один мир на двоих (stusik_i_sharik) wrote,
один мир на двоих

Heaven on Earth

"Heaven on Earth," said a Russian guy selling matrioshkas (babushkas) on the weekend artisan market. "You came here in the wrong time, though. In the summer everything here looks much livelier, but even now when it doesn't, this is still the best place to live. I have cabins near here that I rent, with banya (Russian sauna). Built it myself. I'm also building a house. Move over a bit guys, I’m still trying to sell here. Were was I, oh yeah, I'm building a house all on my own, bit by bit, and you know much the tax on my land is for a year? Fifteen dollars. That's all! Both my cars, never registered. If the police stops me, they just check on the computer that the car isn't stolen and send me on my way. 'Carry on chief,' they say. And so many things here are free. The gas, the education, medicine. It's communism, I tell you. The good kind. I know a couple of academics that came here from Simferopol a year ago with nothing. They started making little gnomes from play-doh and selling them at the market, just like I'm doing. Now they have a house, a car, and a motor boat. I'm telling you, this is the best place to live. Heaven on Earth."

Never say never, we rule out nothing. Who knows, may be at some point of our life some place we visit will feel like home and we just would not be able to leave. Till then, we continue exploring. Next stop – "El Bosque Tallado", sculpture forest.

You heard me right, a sculpture forest. Apparently, at some point, many local artists have come together and decided to display their work thirteen kilometers away from El Bolson in a forest under the mount Piltriquitron. That is actually all nice and dandy, but thirteen kilometers is no joke, especially considering it's all up a very steep hill, and now in the off-season, the only other way to get there is by expensive taxi. This sucked, even if we would take the taxi only up hill, it would still burn a nifty hole in our pockets, so we went to plan B.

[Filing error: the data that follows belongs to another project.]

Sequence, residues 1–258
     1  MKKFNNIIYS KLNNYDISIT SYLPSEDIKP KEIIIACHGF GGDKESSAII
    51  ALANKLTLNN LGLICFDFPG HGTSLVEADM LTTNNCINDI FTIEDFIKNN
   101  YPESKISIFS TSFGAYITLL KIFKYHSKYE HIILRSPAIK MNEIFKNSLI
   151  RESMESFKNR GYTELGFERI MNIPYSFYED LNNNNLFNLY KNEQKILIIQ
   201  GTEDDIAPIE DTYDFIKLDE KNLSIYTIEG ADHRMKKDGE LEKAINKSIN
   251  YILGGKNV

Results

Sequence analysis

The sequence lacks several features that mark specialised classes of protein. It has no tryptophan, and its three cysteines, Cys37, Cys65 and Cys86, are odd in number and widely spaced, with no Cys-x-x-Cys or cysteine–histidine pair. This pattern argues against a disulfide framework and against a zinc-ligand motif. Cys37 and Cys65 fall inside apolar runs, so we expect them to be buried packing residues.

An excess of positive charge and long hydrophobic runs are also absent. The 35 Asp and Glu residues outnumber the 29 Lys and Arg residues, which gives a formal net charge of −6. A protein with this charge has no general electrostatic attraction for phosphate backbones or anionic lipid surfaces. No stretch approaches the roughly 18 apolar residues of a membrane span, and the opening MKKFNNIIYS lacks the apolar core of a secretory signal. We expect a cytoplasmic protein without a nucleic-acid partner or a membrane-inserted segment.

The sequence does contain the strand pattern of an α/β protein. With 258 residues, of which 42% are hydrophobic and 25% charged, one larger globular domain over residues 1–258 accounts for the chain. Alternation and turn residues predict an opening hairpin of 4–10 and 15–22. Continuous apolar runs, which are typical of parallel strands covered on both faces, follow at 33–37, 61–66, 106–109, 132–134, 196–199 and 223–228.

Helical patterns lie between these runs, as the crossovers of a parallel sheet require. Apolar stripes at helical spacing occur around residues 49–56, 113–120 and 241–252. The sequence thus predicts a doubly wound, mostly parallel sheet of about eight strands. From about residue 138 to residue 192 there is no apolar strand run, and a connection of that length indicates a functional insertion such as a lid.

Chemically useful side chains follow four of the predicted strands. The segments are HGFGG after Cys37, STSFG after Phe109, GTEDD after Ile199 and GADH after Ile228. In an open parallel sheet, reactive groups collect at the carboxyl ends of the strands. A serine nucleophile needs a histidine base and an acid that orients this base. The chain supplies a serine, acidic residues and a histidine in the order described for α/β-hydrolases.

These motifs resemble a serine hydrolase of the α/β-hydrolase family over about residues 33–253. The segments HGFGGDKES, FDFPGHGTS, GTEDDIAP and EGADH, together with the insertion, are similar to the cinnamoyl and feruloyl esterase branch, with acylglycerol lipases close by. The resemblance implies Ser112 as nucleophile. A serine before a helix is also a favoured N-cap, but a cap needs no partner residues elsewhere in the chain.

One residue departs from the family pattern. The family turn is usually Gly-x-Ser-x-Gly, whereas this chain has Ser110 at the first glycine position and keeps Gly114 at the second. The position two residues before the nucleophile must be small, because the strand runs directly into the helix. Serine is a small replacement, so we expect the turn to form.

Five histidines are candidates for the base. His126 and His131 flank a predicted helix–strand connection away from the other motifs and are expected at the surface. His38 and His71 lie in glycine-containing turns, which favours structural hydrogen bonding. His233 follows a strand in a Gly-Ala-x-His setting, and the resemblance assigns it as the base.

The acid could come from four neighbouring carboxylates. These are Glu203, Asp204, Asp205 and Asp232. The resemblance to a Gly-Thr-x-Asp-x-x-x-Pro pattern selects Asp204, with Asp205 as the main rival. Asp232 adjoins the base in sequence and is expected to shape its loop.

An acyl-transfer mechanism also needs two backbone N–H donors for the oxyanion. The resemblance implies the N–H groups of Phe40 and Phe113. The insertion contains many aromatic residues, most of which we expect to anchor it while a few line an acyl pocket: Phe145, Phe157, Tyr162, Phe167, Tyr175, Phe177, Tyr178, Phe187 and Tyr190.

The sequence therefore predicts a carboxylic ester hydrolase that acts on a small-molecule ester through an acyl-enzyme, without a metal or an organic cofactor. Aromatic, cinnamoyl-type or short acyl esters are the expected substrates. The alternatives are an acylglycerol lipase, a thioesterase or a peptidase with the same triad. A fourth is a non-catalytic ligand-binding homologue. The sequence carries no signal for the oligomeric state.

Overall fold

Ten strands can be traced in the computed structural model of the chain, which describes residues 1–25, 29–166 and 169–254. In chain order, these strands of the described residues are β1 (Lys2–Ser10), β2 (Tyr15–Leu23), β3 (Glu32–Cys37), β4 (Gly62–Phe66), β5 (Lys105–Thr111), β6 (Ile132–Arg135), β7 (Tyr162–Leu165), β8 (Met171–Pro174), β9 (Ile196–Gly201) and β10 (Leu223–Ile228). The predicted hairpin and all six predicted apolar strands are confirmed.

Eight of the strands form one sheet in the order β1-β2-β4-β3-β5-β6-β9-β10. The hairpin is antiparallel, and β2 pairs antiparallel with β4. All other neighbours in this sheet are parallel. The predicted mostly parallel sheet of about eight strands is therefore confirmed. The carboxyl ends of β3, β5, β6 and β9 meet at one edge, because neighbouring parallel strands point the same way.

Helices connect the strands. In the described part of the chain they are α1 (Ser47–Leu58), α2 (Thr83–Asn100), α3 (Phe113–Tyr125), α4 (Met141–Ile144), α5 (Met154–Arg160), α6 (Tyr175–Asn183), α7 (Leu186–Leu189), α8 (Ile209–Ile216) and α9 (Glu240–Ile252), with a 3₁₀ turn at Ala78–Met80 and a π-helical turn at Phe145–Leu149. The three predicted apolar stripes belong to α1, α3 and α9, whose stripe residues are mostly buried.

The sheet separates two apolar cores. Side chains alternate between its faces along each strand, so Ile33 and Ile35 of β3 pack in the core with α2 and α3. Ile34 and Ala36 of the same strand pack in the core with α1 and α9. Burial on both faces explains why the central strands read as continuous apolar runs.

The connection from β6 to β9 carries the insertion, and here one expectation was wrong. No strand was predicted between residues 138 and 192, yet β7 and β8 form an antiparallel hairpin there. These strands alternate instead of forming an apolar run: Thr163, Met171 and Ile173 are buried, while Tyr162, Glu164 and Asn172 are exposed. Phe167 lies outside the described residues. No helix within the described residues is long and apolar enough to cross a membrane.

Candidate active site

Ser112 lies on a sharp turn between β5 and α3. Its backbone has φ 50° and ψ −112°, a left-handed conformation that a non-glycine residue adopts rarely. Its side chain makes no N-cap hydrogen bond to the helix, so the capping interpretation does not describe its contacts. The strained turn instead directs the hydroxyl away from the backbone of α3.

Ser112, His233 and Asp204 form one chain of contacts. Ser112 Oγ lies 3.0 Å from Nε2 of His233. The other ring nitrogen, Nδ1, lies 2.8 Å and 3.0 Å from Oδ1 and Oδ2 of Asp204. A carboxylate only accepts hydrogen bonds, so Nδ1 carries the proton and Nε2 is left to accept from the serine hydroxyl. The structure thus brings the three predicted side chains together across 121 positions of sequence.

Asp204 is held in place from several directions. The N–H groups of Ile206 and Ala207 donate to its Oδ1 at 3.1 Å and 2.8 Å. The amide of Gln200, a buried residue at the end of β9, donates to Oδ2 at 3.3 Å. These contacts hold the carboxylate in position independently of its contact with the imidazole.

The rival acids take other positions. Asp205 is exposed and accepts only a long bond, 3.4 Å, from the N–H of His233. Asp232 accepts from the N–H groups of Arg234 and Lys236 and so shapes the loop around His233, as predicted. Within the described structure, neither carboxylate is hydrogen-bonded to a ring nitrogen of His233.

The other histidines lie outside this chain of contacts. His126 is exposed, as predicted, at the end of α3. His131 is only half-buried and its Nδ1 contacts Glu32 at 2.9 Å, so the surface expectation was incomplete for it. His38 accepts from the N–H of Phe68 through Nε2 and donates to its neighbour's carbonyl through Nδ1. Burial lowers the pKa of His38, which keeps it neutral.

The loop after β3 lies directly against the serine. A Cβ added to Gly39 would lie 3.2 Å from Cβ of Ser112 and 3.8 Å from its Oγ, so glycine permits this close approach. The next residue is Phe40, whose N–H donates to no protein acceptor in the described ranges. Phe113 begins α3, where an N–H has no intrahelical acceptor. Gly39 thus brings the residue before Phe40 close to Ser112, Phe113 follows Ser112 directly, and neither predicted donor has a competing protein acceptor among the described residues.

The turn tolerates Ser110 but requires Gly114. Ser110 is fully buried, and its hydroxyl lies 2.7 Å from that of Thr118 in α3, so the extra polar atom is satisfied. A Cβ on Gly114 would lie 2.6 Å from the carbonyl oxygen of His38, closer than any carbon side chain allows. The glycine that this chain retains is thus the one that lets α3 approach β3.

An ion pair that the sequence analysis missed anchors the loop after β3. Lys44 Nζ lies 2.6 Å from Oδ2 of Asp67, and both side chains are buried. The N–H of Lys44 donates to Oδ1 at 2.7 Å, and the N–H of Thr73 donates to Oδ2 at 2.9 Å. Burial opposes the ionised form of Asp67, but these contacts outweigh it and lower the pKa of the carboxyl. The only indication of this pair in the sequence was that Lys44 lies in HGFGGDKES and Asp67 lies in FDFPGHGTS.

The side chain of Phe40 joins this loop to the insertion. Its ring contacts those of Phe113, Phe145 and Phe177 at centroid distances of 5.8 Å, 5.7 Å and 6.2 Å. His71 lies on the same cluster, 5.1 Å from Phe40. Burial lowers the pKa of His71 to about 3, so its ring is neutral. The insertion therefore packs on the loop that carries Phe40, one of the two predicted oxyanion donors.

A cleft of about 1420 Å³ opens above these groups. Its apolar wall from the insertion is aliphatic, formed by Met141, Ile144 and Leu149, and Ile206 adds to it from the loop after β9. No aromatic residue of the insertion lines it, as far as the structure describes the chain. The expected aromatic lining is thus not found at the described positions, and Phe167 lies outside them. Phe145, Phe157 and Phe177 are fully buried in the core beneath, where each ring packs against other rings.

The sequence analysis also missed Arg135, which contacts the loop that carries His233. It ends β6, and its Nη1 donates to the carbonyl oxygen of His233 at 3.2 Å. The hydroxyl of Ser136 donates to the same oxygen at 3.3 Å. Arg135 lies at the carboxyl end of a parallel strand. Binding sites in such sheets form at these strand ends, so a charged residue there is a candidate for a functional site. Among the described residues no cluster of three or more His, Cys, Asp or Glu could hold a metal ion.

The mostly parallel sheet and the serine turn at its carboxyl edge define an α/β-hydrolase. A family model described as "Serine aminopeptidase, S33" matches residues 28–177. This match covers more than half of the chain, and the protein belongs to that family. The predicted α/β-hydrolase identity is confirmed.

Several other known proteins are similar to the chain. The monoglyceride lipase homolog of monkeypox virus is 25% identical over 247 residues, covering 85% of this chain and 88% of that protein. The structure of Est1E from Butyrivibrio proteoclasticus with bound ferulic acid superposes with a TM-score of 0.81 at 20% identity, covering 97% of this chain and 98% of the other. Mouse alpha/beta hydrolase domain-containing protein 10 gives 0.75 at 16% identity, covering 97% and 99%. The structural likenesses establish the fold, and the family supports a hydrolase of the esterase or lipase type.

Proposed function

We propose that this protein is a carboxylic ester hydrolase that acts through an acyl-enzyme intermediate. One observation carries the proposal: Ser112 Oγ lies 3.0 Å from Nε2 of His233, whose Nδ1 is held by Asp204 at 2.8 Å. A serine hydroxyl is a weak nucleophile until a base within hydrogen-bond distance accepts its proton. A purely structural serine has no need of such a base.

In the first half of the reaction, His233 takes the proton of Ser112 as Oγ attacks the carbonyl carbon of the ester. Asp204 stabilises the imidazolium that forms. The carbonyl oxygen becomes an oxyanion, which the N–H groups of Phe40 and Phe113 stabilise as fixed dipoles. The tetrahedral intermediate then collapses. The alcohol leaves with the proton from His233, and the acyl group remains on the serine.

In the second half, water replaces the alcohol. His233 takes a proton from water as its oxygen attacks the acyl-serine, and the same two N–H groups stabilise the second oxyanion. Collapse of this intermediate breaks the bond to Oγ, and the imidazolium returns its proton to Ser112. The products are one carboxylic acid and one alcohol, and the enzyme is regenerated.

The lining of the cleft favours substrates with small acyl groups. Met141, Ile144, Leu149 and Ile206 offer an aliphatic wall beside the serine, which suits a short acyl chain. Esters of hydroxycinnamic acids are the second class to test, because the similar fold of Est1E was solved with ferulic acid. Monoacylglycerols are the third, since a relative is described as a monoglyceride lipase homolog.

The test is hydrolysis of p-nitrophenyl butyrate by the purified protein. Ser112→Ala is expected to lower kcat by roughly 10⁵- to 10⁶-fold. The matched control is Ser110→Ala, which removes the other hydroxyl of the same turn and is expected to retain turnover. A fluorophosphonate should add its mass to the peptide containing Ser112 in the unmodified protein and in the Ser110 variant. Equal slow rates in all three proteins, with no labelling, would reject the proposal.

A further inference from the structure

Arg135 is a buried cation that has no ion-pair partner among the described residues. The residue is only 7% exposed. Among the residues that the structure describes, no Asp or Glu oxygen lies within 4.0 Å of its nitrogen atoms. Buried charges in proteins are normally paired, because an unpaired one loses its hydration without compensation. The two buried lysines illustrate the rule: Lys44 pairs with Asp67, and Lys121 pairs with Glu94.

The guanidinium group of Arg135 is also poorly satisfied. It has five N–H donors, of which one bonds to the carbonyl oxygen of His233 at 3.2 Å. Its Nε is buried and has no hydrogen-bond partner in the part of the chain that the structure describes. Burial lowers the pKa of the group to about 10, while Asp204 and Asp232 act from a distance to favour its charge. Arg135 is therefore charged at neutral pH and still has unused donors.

Plan B was very simple – find two willing souls to share the expense of the cab, and in the end of the day just hike down to town. A perfect plan in its essence, if only the town didn't seem completely empty of travelers. Even the very nice hostel we were staying in was forced to survive solely on our presence. No worries though, the nice owner of our nice hostel has pointed us in the direction of another place we might find people, and when we got there, this is pretty much how it went:
"Hi! Sorry to barge in on you like that. My name is Sarit, this is Alex, and we were wondering if you were going to see the forest with sculptures tomorrow? Oh, you are! Great! Would you be interested in sharing a... Oh. I see you have your own car. Well, in that case, how would you feel about taking us with? We'll pay for the gas." And this is how we met Nick and John, two law students from the States.

And it's good we did. Not only have the guys saved us a lot of money, but also an enormous uphill climb. We did have to pay for it though, a whole of two crispy cold beers. It was the best deal we had ever made, but there was a small catch. If we wanted the guys to also drive us back down, we needed to wait for them to climb 860m up and down mountain Piltriquitron (2,260m). What to do, what to do. Eh, let's climb as well. What's another mountain peak for us.

Tags: art, climbing, places:south america:argentina, us, view
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